April GBFD: Spring Green
At this time of year the blooms of the spring bulbs tend to get all the glory. But it is also worth paying attention to the tender green growth of later herbaceous plants, as well as the woody plants that are just starting to break bud. This new growth has a freshness and sweetness that isn’t always fully appreciated.
The trees and shrubs are late in leafing out this year. Here is our crabapple ‘Donald Wyman’.
And clove currant (Ribes odorata). I am eager to see if this year’s flowers live up to their reputation for fragrance. Last year was disappointing.
Here are the breaking buds of our common lilac (Syringa vulgaris), though this picture was actually taken on April 12th.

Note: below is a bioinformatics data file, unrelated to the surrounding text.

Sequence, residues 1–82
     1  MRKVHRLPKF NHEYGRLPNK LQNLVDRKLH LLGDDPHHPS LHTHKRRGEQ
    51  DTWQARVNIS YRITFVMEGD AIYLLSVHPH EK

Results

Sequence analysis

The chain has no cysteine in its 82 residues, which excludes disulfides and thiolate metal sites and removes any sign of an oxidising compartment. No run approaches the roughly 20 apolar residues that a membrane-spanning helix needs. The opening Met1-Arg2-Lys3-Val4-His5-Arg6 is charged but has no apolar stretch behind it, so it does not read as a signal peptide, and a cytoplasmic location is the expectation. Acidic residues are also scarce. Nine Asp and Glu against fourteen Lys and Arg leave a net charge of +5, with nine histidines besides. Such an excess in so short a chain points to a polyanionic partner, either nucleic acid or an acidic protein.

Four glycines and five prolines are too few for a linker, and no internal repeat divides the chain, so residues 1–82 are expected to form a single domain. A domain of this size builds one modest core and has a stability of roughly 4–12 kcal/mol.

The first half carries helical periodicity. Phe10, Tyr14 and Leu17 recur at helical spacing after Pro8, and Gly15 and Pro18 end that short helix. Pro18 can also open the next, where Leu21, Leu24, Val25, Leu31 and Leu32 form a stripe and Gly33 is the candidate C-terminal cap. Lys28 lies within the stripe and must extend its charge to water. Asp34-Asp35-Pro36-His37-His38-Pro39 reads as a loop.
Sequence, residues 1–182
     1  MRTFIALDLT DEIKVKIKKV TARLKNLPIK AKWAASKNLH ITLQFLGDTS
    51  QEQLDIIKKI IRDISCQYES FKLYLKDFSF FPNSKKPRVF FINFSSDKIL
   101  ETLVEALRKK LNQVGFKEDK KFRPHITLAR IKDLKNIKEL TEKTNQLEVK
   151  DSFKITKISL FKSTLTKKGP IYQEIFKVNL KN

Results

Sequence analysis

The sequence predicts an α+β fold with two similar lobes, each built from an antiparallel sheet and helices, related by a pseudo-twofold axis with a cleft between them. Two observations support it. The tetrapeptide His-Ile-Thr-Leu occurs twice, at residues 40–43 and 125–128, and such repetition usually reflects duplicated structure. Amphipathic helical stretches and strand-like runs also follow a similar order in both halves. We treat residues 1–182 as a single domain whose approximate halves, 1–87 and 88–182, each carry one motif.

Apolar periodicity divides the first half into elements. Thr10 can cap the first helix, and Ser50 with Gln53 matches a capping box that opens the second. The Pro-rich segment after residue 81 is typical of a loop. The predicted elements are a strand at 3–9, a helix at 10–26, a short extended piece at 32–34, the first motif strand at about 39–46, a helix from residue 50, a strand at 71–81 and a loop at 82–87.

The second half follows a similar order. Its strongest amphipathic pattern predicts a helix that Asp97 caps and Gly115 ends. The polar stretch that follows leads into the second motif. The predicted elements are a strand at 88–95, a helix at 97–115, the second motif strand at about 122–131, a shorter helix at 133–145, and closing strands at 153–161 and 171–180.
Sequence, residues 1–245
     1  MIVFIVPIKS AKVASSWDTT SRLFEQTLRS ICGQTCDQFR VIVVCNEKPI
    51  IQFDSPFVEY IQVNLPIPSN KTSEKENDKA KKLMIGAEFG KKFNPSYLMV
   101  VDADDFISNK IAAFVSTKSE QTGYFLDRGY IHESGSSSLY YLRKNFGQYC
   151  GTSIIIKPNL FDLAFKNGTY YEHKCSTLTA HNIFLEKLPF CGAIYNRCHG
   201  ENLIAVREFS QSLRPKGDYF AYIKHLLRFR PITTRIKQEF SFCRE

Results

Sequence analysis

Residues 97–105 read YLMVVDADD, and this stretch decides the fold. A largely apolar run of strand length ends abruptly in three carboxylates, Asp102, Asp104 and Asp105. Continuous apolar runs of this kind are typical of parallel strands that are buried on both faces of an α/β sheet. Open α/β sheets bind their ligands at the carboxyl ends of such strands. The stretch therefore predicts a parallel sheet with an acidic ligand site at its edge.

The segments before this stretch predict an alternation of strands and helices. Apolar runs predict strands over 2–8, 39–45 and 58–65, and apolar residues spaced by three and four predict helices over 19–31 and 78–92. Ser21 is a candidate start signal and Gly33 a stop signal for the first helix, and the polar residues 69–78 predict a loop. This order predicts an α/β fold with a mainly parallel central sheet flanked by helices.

Some of the bulbs themselves have interesting foliage, like the variegated leaves of Tulipa praestans ‘Unicum’. This is another picture from the 12th, they are blooming now.
Among the herbaceous plants, I like new foliage of celandine poppies, downy on the undersides (Stylophorum diphyllum). The leaves seem to open like to hands unclasping or a clamshell opening.
Virginia bluebell (Mertensia virginica) foliage has a lovely blue green color. These are all over my garden now, and the flower buds are just forming.
I am particularly fond of the ferny foliage of Jacob’s ladder (Polemonium reptans). I can imagine miniature people pulling themselves up the stems, leaflet by leaflet.
New foliage of bleeding heart (Lamprocapnos spectabilis) is almost frothy, and you can see the promise of the pink flowers in the red stems and leaves.
Peonies, on the other hand, look rather extraterrestrial when they first come up. Not sure which one this is.
Garden Blogger Foliage Day (GBFD) is hosted by Christine at My Hesperides Garden. She has an enviable garden in Lazio, Italy, worth checking out for the foliage and much else.
What’s your favorite new spring foliage?